Proper breathing is one of the key aspects to learning to sing. Breathing correctly affects the quality of your voice tone and also helps you sing long notes when you need to. One of the most common mistakes made by people when they first sign up for singing lessons is that they think that breathing for singing is the same as breathing for, say, aerobics or regular activity.
Instructors for fitness activities such as dancing and yoga often have to teach correct breathing. It's the same with singing - in fact, the breathing techniques for all these activities is the same, although singing lessons aren't going to teach you some of the more exotic breathing techniques practiced by yogis. These breathing techniques taught in singing lessons can be applied off the stage, and can be used for relaxation - or on a different stage during public speaking.
The sort of breathing required to help you sing better is known as "belly breathing" or "stomach breathing", as opposed to "chest breathing". Most of the time, we breathe shallow breaths, using the muscles attached to the rib cage to expand and contract the lungs. If we need a lot of air in a hurry, we breathe like this - notice how your chest moves when you breathe rapidly after intense physical activity. But shallow chest breathing is not the sort of breathing needed for good singing.
Deep breathing for singing is powered by the lowest part of the respiratory system - the diaphragm or solar plexus. The diaphragm, which is easier to control, is found at the bottom of the ribcage just above the stomach. To breathe properly using the diaphragm, imagine that you have a huge hole in your lower back where air rushes in and out of - perhaps you can visualise your diaphragm and your stomach as a huge bellows. When you are actually singing, you will not be visualising this or concentrating on your stomach muscles - you'll have the words and the music to concentrate on - so it is important to practice proper breathing so you can sing better.
One key thing to proper breathing for singing is posture. The diaphragm works best when your stomach and chest are not compressed. The spine should be straight. This means that to breathe properly and to sing well, you should either be lying down or standing up straight. No surprises here - you will have to be standing up straight when you sing. You never saw a good singer sit down to perform, did you?
Some singers do sit down, you may argue. Didn't Eric Clapton (Unplugged) sit down on a chair and sing his heart out while he played his guitar?. However, this is the exception rather than the rule, and you really do sing a lot better if you can stand up straight. And if you want to accompany your singing by playing the guitar - and plenty of people do - then look out for a guitar (classical, acoustic or electric) with a strap that allows you to play standing up.
How do you stand up correctly so you can breathe and sing better? It's not just a case of throwing your shoulders back and sucking your stomach in, as many people do when asked to stand up straight for a photo or to be measured. For one thing, you can't keep your stomach muscles sucked in the whole time - you've got to breathe with them. Again, you will need to use visualisation to help you get the correct breathing posture. Imagine that you have a string attached to the top of your head and that this string is pulling you up like a marionette. You should feel your torso aligning and straightening so your chest and stomach open up.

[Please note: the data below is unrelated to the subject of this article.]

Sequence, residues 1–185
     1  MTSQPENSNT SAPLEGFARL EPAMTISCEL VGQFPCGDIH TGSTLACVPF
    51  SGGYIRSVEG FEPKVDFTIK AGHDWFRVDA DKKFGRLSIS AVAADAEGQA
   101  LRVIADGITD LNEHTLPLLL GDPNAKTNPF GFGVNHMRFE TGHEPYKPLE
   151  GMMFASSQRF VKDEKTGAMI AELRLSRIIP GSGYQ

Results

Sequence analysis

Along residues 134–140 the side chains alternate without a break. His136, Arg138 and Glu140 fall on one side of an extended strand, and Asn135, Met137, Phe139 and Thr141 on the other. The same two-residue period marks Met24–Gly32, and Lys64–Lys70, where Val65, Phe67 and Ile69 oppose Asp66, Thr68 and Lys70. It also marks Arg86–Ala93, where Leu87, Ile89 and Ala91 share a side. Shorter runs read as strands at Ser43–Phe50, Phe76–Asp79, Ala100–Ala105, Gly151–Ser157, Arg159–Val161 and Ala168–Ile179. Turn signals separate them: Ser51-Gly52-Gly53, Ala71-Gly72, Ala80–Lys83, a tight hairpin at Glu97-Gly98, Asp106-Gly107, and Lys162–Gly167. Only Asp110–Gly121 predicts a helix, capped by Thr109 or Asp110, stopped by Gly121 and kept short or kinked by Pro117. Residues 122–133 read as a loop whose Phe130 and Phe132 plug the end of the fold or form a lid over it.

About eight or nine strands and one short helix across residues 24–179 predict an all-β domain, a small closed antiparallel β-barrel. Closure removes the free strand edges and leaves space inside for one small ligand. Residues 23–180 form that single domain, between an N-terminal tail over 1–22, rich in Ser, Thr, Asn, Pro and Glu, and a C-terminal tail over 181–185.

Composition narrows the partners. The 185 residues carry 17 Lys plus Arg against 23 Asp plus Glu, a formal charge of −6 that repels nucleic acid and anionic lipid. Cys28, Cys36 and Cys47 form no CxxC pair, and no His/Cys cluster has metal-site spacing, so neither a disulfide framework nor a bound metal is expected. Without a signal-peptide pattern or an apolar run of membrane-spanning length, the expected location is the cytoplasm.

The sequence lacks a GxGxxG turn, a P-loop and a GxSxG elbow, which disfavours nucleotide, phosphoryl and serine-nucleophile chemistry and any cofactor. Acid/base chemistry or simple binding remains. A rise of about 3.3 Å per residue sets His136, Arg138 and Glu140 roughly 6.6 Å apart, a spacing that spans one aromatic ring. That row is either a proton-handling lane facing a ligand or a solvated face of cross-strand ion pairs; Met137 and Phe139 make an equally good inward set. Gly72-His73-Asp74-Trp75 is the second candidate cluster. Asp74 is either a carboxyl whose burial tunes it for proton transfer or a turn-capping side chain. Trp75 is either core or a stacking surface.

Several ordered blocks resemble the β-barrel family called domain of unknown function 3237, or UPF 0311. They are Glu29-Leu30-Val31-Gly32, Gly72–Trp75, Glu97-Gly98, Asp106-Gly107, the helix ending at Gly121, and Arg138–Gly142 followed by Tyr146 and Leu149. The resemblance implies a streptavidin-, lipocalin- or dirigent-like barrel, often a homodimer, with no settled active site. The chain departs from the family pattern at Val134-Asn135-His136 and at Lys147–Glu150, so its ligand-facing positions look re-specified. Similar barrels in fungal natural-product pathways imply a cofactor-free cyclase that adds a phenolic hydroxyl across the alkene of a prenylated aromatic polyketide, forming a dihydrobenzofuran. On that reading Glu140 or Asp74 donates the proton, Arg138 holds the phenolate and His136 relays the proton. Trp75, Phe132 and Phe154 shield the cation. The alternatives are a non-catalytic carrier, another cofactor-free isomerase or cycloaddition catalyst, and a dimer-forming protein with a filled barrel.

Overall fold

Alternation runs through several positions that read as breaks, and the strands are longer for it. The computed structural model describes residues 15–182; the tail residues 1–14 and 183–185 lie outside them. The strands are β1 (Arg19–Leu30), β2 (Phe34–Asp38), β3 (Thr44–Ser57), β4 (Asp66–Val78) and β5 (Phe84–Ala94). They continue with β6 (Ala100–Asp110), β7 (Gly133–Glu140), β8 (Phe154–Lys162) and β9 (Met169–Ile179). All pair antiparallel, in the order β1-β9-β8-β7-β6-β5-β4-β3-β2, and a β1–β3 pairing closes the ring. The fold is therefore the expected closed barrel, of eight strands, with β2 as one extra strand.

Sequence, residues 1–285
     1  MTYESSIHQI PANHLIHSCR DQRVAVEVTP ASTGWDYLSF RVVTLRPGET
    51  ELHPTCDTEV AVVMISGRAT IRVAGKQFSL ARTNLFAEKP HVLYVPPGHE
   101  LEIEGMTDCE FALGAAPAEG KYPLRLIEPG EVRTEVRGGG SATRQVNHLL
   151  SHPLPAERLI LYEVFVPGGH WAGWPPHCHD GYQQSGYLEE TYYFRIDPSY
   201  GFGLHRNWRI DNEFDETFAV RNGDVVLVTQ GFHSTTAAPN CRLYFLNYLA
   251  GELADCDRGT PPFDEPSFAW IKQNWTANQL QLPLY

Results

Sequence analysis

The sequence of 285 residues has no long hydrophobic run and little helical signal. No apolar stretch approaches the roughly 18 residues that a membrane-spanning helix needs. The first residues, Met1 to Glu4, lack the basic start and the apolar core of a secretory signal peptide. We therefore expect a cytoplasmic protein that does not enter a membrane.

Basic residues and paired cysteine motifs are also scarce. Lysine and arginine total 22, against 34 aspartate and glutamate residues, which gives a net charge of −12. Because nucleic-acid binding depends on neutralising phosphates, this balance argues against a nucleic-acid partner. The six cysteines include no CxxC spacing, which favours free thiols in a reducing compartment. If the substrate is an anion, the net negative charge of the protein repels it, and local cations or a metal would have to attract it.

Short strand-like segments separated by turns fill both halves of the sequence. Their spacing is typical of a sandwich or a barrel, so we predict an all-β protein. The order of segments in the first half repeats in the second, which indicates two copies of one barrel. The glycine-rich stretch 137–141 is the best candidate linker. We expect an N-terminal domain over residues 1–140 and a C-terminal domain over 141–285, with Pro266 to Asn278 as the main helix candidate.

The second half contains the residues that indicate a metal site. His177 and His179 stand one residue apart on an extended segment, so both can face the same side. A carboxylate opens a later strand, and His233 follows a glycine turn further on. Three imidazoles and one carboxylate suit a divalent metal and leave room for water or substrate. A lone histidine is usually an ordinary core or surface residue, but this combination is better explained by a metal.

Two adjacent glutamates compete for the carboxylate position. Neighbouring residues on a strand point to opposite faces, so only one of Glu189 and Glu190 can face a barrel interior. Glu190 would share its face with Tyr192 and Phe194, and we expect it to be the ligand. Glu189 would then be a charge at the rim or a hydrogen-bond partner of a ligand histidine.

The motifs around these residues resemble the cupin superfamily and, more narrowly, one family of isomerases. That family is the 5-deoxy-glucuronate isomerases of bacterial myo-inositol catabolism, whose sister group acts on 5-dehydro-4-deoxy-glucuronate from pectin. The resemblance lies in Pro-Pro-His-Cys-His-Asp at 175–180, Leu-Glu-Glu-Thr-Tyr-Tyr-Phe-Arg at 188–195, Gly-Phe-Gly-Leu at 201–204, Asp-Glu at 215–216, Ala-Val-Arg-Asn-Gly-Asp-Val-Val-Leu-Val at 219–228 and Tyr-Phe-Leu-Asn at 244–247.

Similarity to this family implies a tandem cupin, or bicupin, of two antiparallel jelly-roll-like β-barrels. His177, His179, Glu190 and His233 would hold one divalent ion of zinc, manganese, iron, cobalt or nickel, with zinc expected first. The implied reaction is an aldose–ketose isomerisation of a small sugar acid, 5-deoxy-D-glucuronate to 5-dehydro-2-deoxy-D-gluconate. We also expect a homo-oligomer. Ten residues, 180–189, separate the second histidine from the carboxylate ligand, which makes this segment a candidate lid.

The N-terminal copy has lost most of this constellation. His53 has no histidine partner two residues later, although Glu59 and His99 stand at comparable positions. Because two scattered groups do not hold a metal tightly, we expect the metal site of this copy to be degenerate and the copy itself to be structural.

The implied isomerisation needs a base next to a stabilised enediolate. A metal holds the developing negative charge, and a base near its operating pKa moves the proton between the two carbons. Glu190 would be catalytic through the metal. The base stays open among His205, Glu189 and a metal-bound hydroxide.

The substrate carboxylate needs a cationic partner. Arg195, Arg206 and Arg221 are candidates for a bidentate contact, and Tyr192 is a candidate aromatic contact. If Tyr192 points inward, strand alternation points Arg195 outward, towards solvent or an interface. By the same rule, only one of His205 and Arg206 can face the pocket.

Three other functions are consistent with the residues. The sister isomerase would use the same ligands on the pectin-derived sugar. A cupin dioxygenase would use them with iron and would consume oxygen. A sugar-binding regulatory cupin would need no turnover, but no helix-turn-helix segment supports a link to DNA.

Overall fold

If you are stressed, then you still might not be able to breathe correctly and sing well, even if you are standing up straight.. Stress or stage fright will make you breathe with your chest and lungs rather than in your diaphragm where you need to. And this will affect your performance. However, this is where you take control. First, raise your shoulders and shrug them up as high as you can go, squeezing them towards your ears and then releasing them. Feel the wave of eased tension pass down your shoulders and back. Now breathe consciously and deeply, deliberately keeping your breath slow. Now you're ready to sing.
To sing well, you must be able to control your breathing. There's nothing more embarrassing for a singer than suddenly running out of breath in the middle of a long note in a dramatic musical climax. This is why knowing your music and practising is so important. You need to know how to time your breaths so you have enough "gas in the tank" for those drawn-out passages. Singing is done on controlled exhaled breath, and you have to find a good gap so you can inhale. You will need to make sure that your intakes of breath are timed correctly.
Where do you breathe during a song? This really depends on the song, but a good rule of thumb is to look at the punctuation. A natural break in the lyrics, as marked by a comma or full stop (period), makes the perfect place to take a quick breath. However, if the copy of the lyrics you have access to doesn't have punctuation - an all too common situation - then you will have to read and study the words so your breaths break up the words so that they make sense. You don't want to. Have your song. Sounding. Like this because it's. Awkward for people. To listen to and sounds really bad.
When you breathe in during a song, you have two options. First, you can take deep breaths during an instrumental passage. Secondly, you can take little "sips" where the sense of the words allows it just to top you up. If you need to "sip", then do this through your mouth as well as through your nose to allow the maximum oxygen in.
And if you think you've learned good breathing for singing, here's a challenge. Find the song "Summer Moved On" by Norwegian pop band A-HA, and try to sing along. If you can hold the 20-second note, you know that you've really mastered the techniques of breathing.